Recently, we here at all of the SportsBlogs Nation baseball blogs voted for the very first time in the network end-of-season awards for baseball. The idea was brought up in August or September to have an awards series where each team's blog would be given two ballots, and the bloggers would, on these ballots, cast their choices for the awards that the BBWAA gives out at the end of every year, MVP, Cy Young, ROY, and MOY. We didn't do the Gold Gloves or Silver Sluggers, because that would have been too complicated, but the four core award categories were voted upon in late September and early October by the network bloggers, before the start of baseball's playoffs. Each voter was given three choices for ROY, MOY, and Cy Young, and ten for the MVP, and based on how they ranked their choices for those categories, the player or manager would receive a the number of points exactly opposite how they were ranked on that scale. For example, if you put Derek Jeter number one on the ballot, that would count as ten points for him. Just the same, a 10th place vote would count as one point.
Jacob and I represented DRaysBay in these highly successful first awards, casting our ballots for the AL choices. The overlying rule was that AL Bloggers cast ballots for AL choices; NL bloggers did so for NL choices. Once the votes were tabulated, the results were released internally, at which point the individual sites could decide when to publish the results. I chose later than most, because I wanted to compare my choices and Jacob's, as well as the network's, to the actual award winners. And starting now allows me to get the actual choices in the same piece. This piece will run as part of a series (famous last words from me, I know), that will include all four SBN awards categories and their results. The last part of the series, which runs through Tuesday, will be devoted to our own awards here at the Bay, the DRaysBay Awards. I hope you enjoy the work of SBN's collective brain trust, and special thanks must go out to Martin Gandy of Talking Chop, who organized the whole thing, kept on us about getting our votes in, and tabulated the results. He really was excellent through the whole process. This will be the final installment in the series.
In the final installment of the SBN Awards series, we take a look at the most high-profile and most controversial of the postseason awards, the Most Valuable Player honor. There was a lot of controversy surrounding the BBWAA's selections for National League and American League MVP, and for the first time in the series, the SBN choices differed from that of the official awards, appropriately so in my opinion.
Whereas Ryan Howard of the Phillies captured the National League award this year, the SBN bloggers choice St. Louis Cardinals slugger Albert Pujols in a runaway for the top spot. Likewise, both sides chose a Minnesota Twin as the American League Most Valuable Player, but they differed on which one to choose. The BBWAA chose Twins 1B Justin Morneau to be AL MVP, while the SBN'ers chose Catcher Joe Mauer. I differed from both, but that is another story altogether.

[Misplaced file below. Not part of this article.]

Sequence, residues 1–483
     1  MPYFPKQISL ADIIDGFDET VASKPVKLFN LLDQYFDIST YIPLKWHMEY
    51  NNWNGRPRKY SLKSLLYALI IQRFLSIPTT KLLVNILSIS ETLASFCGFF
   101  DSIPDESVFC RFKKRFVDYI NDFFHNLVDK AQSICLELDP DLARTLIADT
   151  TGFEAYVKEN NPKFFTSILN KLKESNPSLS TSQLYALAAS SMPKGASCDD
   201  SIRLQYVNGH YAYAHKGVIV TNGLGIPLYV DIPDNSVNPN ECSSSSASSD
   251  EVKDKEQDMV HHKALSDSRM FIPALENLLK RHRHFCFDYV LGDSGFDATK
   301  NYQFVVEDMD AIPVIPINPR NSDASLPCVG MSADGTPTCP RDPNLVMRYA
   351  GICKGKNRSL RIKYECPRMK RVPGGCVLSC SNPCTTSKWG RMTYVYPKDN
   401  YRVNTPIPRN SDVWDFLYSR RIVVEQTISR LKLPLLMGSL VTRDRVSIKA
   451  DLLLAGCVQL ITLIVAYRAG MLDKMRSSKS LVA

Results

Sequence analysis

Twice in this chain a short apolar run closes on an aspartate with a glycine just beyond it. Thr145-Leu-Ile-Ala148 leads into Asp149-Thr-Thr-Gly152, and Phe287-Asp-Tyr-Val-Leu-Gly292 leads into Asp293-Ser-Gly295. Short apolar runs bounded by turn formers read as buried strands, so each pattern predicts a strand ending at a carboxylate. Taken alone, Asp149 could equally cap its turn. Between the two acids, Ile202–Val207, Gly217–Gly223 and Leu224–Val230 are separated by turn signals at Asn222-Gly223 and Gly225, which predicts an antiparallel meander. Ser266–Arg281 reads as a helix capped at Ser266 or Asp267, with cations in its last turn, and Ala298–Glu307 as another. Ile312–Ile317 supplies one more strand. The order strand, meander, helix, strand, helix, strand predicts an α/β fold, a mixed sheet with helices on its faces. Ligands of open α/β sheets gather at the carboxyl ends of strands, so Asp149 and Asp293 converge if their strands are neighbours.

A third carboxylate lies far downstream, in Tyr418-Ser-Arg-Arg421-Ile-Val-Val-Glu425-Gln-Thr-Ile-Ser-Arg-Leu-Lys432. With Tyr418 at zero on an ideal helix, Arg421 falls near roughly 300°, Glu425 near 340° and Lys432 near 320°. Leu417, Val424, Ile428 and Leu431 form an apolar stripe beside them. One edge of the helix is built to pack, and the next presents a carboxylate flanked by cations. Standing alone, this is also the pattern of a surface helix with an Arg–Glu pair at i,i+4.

Pujols won the NL MVP by a fairly large margin, with Howard coming in a distant second. Carlos Beltran of the Mets, Miguel Cabrera of the Marlins, and Lance Berkman of the Astros were neck and neck for third place in the voting, with Beltran winning out.
In the American League, Mauer won a much closer contest, though was still ahead of Yankees SS Derek Jeter by a pretty good margin. Coming in third was Red Sox slugger David Ortiz. The BBWAA winner, Morneau, was barely the fifth place finisher, just ahead of Johan Santana of the Twins and Travis Hafner of the Indians.
|SBN AL||BBWAA AL||Patrick (AL)||Jake (AL)||SBN NL||BBWAA NL|
|Manager of the Year||Jim Leyland DET||Jim Leyland DET||Jim Leyland DET||Jim Leyland DET||Joe Girardi FLA||Joe Girardi FLA|
|Rookie of the Year||Justin Verlander DET||Justin Verlander DET||Francisco Liriano MIN||Justin Verlander DET||Hanley Ramirez FLA||Hanley Ramirez FLA|
|Cy Young Award||Johan Santana MIN||Johan Santana MIN||Johan Santana MIN||Johan Santana MIN||Brandon Webb AZ||Brandon Webb AZ|
|MVP Award||Joe Mauer MIN||Justin Morneau MIN||Travis Hanfer CLE||Joe Mauer MIN||Albert Pujols STL||Ryan Howard PHI|
For more on the Cy Young choices, the SBN voting, and expanded comments on Jacob and myself's choices, please follow the jump.
American League MVP Award
In one of the most wide open MVP races in years, a record-setting year from Twins backstop Joe Mauer was enough to push him over the top, as he won out over Yankees SS Derek Jeter to be the SBN bloggers' choice as MVP. The BBWAA felt otherwise, naming Justin Morneau (who finished in fifth place in the SBN voting by a slim margin) as the AL MVP. Jacob went with the majority in naming Mauer as the MVP, while I went with Indians DH Travis Hafner, casting the lone first place vote in his favor.
However in the end, voters thought Mauer's contributions to the Twins to be more valuable than either Morneau's or sixth place finisher Johan Santana's. Mauer set a major league record for catchers by finishing with a .347 batting average. Though his power never came through as expected, he finished with a .936 OPS, largely of the heels of a .429 OBP.